The great thing about convergence is that it isn’t ‘owned’ by any single vendor. That doesn’t mean that it isn’t being fought over, in fact, far from it. The heavyweights of our industry – Cisco and Microsoft – are seemingly in direct competition and resellers are finding it hard to understand whose story to believe, and which to back.
What was once convergence is now unified communications; the convergence of networks to a single infrastructure; the convergence of fixed and mobile onto a single device; and the convergence of applications and network functionality into a single communications tool.
It would be simpler if the unified communications propositions of Microsoft and Cisco could be understood in diametrically opposing terms, but they can’t. Painting in such broad strokes, the best one can do is say that Cisco has the edge in terms of the ‘end-to-end’ architecture solution, while Microsoft ‘owns’ the desktop, giving users a seamless, familiar interface into unified communications applications and deep integration into the Microsoft suite of applications.
It’s important to bear in mind that the complexities of this technology can get very sticky the greater the margins one seeks. For every £1 a customer spends on kit and product enhancements, they’ll spend £3 on post-sales consultancy, integration and professional support services. End customers demand that resellers find the right route through this jungle, so which bits should a reseller pick and choose?
Both Cisco and Microsoft are guilty of overheating the market with their expensively spun visions for unified communications. The fallout among the whole industry is a lot of fear, uncertainty and doub, which isn’t helpful to the burgeoning of IP telephony / unified communications opportunities except for the healthy crop of resellers who have, thus far, been able to cut through the nonsense and address the demand.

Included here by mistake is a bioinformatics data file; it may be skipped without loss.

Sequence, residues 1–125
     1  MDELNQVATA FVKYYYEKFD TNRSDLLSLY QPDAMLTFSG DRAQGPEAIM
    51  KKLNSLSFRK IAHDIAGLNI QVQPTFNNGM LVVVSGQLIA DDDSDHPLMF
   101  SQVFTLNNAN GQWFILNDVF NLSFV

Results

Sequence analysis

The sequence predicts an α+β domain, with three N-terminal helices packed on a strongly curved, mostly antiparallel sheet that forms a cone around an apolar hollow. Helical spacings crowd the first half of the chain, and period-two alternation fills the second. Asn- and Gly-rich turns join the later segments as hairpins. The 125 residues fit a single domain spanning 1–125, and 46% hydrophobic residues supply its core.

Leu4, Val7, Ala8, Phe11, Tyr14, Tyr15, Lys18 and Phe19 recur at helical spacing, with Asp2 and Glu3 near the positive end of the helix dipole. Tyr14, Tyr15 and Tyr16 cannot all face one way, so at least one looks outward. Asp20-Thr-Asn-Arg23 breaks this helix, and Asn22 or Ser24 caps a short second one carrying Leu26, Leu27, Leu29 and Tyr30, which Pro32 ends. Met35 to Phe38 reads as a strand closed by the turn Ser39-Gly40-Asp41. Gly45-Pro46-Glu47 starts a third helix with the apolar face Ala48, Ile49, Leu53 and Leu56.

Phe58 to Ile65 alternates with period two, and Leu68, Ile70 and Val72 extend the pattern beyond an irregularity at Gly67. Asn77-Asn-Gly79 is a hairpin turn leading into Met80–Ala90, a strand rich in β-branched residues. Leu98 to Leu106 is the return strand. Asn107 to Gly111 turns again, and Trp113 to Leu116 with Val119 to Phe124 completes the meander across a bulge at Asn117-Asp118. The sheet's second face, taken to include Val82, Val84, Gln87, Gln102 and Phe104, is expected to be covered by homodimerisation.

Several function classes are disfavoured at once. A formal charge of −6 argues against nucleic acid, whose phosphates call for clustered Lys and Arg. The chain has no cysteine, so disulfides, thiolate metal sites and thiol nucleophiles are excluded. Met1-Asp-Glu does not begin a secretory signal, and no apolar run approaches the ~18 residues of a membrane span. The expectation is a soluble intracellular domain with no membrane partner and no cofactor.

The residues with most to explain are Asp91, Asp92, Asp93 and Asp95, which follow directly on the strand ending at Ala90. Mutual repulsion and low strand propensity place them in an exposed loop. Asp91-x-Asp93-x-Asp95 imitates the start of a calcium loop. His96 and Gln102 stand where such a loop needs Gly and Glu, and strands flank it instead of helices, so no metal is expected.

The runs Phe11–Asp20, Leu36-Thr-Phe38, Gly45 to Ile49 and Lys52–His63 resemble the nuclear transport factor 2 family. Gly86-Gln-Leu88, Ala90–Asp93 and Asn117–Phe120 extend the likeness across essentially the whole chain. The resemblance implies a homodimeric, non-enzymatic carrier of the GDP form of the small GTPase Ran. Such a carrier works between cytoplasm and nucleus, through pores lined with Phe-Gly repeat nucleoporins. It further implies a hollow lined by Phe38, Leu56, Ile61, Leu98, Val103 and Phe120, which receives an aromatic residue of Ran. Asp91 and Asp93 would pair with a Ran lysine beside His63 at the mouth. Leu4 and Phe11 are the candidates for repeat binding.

These few succeed by convincing customers there are actions they need to be t aking now which will not restrict their choices later – and where they do need to make a strategic decision, these can be clearly identified and supported.
The reality is that, while Microsoft’s strategy offers much in the long term, very little will be available or adopted during 2007. Gartner predict that volume adoption of Microsoft Exchange, which provides the Unified Messaging solution, won’t start until late 2008, with major growth during 2010 – 2012.
Office Communications Server – which provides Microsoft’s first soft PBX capability – is currently in beta release. The first releases of IPT products rarely meet the demands of end user organisations and full functionality can be a steep learning curve for any new entrant. Nobody doubts Microsoft’s commitment to the unified communications market – or their long-term ability to deliver – but customers need to start the journey now, and that means looking to vendors like Cisco for the core foundation (which they need anyway) and business-strength call control. From there, the customer has an open platform for choosing the applications that will deliver against their needs.
My approach is to stop thinking about them as competitors. Even the two giants themselves openly concede that co-existence and integration is a fact of life, competing in some spaces and collaborating in others. It’s not a case of either/or – you really can have your cake and eat it!
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